Well! This was a fun book to start the year off with.
A recap for anyone just joining: #rhireads2018 is my book list for the year, made up of 11 books I’ve intentionally selected to read over the next 11 months (one month is a ‘free’ month). The books include various topics from self help and parenting to faith and business. My goal in sharing these books each month along with my thoughts on them is to hopefully inspire others to indulge in good old fashioned paperback more often than they’re used to, and also stay accountable with a hobby I really love but unfortunately gets put on the back burner far too often.
Book 1: You Are A Bad Ass
You Are A Badass, by Jen Sincero is a fun, lighthearted, borderline brazen read with a clear undertone; not to state the obvious here, but you are a badass! Jen’s conversational tone, easy to understand take aways, and sarcastic, witty sense of humor make the book both enlightening and enjoyable. It’s classified as a self-help and personal growth book and the page count is 254 including resources and acknowledgements. Bullet points on the back of the book include the following promises present throughout 27 ‘bite-sized’ chapters:
• Identify and change the self sabotaging beliefs and behaviors that stop you from getting what you want.
• Create a life you totally love. And create it now.
• Make some damn money already. The kind you’ve never made before.
1. ‘It’s like we’re surrounded by this big, all-you-can-eat buffet of incredible experiences and insights and feelings and opportunities and things and people and ways to share our gifts with the world, and all we have to do is align our energy with what we want and take decisive action to allow this good into our lives. And this decisive action part is key. Sadly, we can’t just float around our neighbor’s pool on a raft with cup-holders, sipping cocktails and being all high frequency while waiting for unicorns to fly down from the sly. We have to take action, hell-bent-for-glory kind of action.’ (pg. 33)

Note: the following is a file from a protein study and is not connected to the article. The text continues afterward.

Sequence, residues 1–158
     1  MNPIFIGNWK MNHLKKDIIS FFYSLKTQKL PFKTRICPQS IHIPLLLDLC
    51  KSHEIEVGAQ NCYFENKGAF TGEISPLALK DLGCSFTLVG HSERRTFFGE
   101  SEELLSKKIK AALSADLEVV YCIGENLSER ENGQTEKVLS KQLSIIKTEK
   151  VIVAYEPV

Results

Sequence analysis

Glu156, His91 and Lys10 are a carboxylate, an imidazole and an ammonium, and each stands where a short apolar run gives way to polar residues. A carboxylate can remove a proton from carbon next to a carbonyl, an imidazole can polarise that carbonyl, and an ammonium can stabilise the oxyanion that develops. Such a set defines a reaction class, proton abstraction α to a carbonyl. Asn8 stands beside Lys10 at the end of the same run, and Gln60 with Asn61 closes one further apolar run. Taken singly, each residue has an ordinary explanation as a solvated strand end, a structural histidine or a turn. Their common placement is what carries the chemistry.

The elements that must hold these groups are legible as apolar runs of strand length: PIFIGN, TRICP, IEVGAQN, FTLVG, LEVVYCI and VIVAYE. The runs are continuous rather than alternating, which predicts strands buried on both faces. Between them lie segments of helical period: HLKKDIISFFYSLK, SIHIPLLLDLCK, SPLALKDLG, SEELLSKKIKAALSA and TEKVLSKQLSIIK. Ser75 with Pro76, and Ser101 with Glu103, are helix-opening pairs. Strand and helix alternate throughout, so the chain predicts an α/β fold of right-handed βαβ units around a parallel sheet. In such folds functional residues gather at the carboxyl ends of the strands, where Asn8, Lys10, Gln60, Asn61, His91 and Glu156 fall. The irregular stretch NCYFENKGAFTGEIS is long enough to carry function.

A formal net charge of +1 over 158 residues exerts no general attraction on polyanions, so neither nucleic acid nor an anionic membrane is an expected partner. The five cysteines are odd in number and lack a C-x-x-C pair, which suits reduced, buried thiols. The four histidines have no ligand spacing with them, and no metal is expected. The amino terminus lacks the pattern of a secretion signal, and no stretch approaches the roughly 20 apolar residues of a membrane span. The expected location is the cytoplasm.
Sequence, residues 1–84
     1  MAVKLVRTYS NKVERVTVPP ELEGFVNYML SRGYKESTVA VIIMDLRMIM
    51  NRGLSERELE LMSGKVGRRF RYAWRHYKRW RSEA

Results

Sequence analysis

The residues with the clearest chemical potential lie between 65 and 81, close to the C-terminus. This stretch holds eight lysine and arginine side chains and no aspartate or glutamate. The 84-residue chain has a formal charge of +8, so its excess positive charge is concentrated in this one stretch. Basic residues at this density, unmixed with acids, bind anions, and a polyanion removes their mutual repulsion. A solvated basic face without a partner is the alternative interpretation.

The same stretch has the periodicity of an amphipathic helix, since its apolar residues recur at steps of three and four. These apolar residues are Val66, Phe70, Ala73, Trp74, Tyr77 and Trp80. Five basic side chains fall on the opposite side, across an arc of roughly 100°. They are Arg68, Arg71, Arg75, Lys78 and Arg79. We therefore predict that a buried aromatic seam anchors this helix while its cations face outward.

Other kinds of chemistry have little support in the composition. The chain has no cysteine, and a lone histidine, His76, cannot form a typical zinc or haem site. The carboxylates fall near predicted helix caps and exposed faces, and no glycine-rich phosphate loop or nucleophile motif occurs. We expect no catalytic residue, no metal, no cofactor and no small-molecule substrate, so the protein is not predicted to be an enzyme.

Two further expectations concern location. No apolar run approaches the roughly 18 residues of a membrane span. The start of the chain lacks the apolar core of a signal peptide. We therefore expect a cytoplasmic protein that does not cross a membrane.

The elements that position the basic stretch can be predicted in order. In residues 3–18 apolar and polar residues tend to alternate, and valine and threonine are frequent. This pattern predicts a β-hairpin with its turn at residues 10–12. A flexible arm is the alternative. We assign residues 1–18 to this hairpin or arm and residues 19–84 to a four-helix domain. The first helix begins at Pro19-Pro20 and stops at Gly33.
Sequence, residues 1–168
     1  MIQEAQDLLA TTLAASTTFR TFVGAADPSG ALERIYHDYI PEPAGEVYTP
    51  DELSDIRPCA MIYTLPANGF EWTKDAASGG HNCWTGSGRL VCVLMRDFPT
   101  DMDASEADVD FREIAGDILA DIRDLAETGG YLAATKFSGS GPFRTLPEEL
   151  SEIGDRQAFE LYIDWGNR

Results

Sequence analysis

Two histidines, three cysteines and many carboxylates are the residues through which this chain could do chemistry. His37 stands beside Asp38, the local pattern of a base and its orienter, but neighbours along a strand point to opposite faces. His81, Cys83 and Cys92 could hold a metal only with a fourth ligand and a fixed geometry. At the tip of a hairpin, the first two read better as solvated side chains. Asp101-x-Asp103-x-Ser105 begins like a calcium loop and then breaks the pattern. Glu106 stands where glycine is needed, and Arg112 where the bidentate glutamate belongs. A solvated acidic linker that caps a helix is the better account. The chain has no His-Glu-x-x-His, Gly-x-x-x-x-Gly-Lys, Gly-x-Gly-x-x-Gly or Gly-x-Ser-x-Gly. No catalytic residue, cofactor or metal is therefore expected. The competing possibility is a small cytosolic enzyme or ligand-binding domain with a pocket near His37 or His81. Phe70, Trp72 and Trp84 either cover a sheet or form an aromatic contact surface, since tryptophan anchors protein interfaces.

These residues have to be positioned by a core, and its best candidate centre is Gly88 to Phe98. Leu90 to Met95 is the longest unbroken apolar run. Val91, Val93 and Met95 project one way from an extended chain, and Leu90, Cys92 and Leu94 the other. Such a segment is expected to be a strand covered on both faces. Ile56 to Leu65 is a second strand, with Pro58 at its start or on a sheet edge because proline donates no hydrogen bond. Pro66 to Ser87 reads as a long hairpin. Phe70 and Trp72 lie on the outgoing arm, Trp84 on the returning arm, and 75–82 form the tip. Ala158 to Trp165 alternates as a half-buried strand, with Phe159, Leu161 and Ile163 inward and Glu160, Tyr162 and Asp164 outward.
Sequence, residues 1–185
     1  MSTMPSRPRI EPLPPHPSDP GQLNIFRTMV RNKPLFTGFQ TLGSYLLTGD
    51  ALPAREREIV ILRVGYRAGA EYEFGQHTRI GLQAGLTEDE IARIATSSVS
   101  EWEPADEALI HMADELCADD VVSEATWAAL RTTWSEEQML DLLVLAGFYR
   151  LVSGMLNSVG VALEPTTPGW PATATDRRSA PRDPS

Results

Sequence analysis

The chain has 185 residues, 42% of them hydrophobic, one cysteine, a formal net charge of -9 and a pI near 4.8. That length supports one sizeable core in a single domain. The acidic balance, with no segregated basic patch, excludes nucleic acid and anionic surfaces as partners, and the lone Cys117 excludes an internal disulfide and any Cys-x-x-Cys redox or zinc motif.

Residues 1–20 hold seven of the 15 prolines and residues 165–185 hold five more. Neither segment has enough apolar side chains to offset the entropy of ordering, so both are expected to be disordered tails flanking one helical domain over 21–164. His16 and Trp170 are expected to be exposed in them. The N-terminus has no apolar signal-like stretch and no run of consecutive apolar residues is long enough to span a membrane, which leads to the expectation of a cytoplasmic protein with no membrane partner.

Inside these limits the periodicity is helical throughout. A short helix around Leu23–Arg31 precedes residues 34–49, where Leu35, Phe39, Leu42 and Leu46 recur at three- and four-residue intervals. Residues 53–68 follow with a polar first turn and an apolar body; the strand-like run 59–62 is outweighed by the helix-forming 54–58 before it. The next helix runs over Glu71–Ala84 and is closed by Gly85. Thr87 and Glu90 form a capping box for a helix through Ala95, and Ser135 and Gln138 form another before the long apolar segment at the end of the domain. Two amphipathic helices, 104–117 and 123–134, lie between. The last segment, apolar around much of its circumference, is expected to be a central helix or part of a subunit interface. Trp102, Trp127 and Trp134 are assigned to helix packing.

2. ‘Much of the time we pretend we aren’t clear on what our calling is when what’s really going on is that we’re horrified to face it because it seems too big or too impossible to make a living at or completely out of the question for us. But what if you had the audacity to leave your excuses and your shame about wanting to be huge and famous behind and really went for it full-on anyway? What if you decided to do the most outrageous, most exciting thing you ever dared fantasized about, regardless of what anyone, including your terrified self, thought? THAT would be living.’ (pg. 80)
3. ‘Faith is having the audacity to believe in the not-yet seen. Faith is the muscle you use when you decide to blast outside of your comfort zone and transform your life into something that’s practically unrecognizable to you in your present reality. Faith smothers your fear of the unknown. Faith allows you to take risks. Faith is the stuff of ‘leap and the net will appear.’ (pg. 117)
I dogeared a lot of pages of this book! Sometimes I saved a page if I thought something was funny, and most times I marked a page if there was something that could serve as a reminder to do x, or be y in my own life. While I liked this book and would suggest it to others, one thing I do want to make clear is that this type of self-help content (motivational, inspiring, easy to read) is not new to me. One of the major perks being a part of Making Things Happen and having so many kindred spirited friends and colleagues who are highly driven and goal orientated, is that themes throughout the book are commonplace within my circle(s). A lot of the simple lessons she preaches and no nonsense pep talks she gives sound a lot like the conversations I have on the daily with myself and others! And while I’m not blind to the good fortune in being surrounded by like minded and inspiring people like I know I am, it can make content like this sort or, dare I say, drag on a little?
Again, the book is wonderful and fun. I feel like I could sit down for lattes with Jen and talk for hours about the good stuff in life. And I think her book is especially wonderful for people who may be new to goal-setting, going through some major life experiences say, on the career and personal development spectrum, or for those who have similar personalities to Jen as I outlined above. I most certainly felt a sense of camaraderie with her just in reading what she’s shared on her book’s pages and that’s a cool skill as an author. Which leads me to this: I also think in certain situations, a book that is EASY to read can be more enjoyable than a hard to read book, even if the easier to read book’s content may only scratch the surface for you.
And that’s that for my first 2018 book. There may be more books throughout the year that inspire longer reviews so I’m keeping my review guidelines minimal and loose. I also have to add this book was a smart choice to kick start a new year with because it felt like having a personal cheerleader in my court while I tried hard in January to cultivate new habits and routines. Have you read this book? If so, I’d love to hear your thoughts below! Xo
February’s book: Hands Free Life
All book photos by Samantha James Photography.